Disclaimer: The Page 69 Test is not mine. It has been around since 2007, asking authors to compare page 69 against the meat of the actual story it is a part of. I loved the whole idea of it and so I'm stealing it specifically to showcase small press titles - novels, novellas, short story collections, the works! So until the founder of The Page 69 Test calls a cease and desist, let's do this thing....
In this installment of Page 69,
We put Andrew Altschul's The Gringa to the test.
Set up page 69 for us. What are we about to read?
In this scene, Leonora Gelb, the central character of The Gringa, is seeking out a man she knows as Julian, whom she suspects of being a leader in a Peruvian leftist militant group called the Cuarta Filosofía. She's met him once before, after having expressed some interest in the group's activities, but was rebuffed and told not to come back. But a friend of hers has been disappeared by the government after a nonviolent protest in Lima's slums, and when his dead body turns up weeks later Leonora decides she can no longer sit on the sidelines while others fight for justice. Julian works in a cafe in Miraflores, a tony and touristy neighborhood where the wealthy barricade themselves against the desperation of the poor - in places like this, it's as if the "dirty war" of the 1980s and early 1990s, in which 70,000 people died, never happened.
What is your book about?
The Gringa was inspired by the real-life story of Lori Berenson, an American woman who, in 1995, was arrested in Lima by counterterrorism forces. She was renting a house in the suburbs in which a dozen members of the Movimiento Revolucionário Túpac Amaru (MRTA) were living and, according to the government, plotting an attack on the country's Congress; Berenson was convicted in a military court and sentenced to life in prison. The Gringa takes the broad outlines of that story and tries to understand who Leonora Gelb (the Berenson character) really is, what brought her to Peru, and whether she could possibly have been guilty of the things the Peruvian government accused her of. (Berenson has always maintained her total innocence.) It's narrated ten years after her arrest by another American expat - a failed novelist and "refugee from George W. Bush's America" named Andres. As his personal life unravels, he struggles to understand Leonora, to reconstruct her involvement with the militants, and to chronicle Peru’s tragic history. At every turn he’s confronted by violence and suffering, and by the consequences of his American privilege.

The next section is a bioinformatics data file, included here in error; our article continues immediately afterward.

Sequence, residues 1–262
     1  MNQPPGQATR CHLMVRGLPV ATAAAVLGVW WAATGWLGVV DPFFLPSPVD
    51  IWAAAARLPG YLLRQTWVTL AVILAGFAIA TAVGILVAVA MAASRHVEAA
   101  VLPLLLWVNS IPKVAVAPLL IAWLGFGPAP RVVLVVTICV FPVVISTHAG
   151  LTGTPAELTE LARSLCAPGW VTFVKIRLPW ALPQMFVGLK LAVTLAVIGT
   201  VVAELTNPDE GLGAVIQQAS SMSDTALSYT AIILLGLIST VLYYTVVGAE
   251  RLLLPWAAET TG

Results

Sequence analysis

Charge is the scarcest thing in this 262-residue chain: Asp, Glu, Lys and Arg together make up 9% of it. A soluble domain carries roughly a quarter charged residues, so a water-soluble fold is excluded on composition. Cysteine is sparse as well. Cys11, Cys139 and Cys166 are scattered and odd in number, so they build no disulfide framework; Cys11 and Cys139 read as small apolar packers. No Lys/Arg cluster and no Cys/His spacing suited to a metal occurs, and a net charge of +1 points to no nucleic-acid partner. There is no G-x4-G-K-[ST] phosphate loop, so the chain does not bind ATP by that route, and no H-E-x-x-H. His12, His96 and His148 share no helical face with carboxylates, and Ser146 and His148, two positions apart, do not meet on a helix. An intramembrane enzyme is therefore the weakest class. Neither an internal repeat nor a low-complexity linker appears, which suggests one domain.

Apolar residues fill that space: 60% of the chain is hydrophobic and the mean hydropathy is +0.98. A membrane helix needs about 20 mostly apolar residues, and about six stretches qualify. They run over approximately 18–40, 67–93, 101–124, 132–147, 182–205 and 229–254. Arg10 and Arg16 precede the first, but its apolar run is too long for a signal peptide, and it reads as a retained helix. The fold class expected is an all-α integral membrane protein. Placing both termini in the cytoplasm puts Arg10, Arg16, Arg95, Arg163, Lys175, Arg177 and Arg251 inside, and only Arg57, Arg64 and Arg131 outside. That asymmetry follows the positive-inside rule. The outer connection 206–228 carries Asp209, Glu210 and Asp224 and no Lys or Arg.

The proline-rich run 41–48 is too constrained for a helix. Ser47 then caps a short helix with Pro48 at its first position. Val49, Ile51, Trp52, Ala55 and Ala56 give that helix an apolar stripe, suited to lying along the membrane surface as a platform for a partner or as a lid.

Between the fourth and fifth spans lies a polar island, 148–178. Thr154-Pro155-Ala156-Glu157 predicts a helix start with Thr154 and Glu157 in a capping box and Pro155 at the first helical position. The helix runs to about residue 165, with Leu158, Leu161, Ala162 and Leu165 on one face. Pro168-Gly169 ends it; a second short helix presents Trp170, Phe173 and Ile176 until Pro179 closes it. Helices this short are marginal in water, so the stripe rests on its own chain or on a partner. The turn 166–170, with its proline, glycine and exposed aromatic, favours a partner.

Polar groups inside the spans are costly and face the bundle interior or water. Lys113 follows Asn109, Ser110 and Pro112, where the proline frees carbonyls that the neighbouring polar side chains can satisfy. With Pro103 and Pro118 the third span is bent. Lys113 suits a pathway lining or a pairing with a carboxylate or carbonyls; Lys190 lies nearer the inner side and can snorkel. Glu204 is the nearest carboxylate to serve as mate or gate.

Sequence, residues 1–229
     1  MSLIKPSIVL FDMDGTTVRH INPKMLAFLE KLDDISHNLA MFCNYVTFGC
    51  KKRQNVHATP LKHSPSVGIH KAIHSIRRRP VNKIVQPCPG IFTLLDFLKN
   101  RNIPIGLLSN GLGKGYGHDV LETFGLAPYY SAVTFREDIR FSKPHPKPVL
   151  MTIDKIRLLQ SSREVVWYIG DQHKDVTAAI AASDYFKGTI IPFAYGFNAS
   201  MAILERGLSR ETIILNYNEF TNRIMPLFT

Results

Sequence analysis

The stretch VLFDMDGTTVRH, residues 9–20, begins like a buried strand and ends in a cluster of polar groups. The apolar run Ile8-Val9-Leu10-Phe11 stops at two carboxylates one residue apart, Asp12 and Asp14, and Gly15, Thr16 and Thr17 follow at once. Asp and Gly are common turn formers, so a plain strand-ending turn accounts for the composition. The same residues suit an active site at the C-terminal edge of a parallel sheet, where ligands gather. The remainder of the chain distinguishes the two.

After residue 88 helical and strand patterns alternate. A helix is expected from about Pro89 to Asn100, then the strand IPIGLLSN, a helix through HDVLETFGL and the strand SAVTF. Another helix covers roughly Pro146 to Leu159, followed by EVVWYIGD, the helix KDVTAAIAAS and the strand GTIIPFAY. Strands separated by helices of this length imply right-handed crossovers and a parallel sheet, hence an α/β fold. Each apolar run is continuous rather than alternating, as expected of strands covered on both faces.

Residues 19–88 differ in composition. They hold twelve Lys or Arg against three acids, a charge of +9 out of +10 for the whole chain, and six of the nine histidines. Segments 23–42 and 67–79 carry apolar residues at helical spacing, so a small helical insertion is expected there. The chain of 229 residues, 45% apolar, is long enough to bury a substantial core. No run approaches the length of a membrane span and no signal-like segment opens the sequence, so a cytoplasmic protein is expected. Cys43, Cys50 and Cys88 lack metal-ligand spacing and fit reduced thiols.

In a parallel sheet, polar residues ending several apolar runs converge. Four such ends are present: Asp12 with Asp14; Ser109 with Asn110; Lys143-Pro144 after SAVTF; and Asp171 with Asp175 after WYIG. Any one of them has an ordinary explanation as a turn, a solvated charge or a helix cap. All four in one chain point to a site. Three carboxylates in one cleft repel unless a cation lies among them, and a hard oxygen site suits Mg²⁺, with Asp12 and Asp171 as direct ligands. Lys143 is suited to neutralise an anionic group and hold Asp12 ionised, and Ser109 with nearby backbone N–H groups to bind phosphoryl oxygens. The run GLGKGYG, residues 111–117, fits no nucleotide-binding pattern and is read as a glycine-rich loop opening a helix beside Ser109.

Do you think this page gives our readers an accurate sense of what the book is about? Does it align itself with the book’s overall theme?
I think it demonstrates one of the novel's overall themes, which is Leo's ambivalence about her role and her responsibilities. She's a true believer - she wants to do whatever she can to alleviate suffering and feels that she "can't live with herself" if she hasn't explored every possibility. She's a privileged American who recognizes what that privilege costs the rest of the world, and to her it seems that she has two choices: retreat into the bubble of comfort while others are dying, or go "all-in," though she's not yet sure what that means. Throughout the novel, she's constantly struggling against the mistrust of Peruvians, who simply can't accept that this woman would want to involve herself in their affairs and who regularly point out that she doesn't understand nearly as much as she thinks she does. And so "proving herself" to them is always a part of her complicated motivations, showing them that she's worthy of their trust and respect, that she's ready to take "the next step."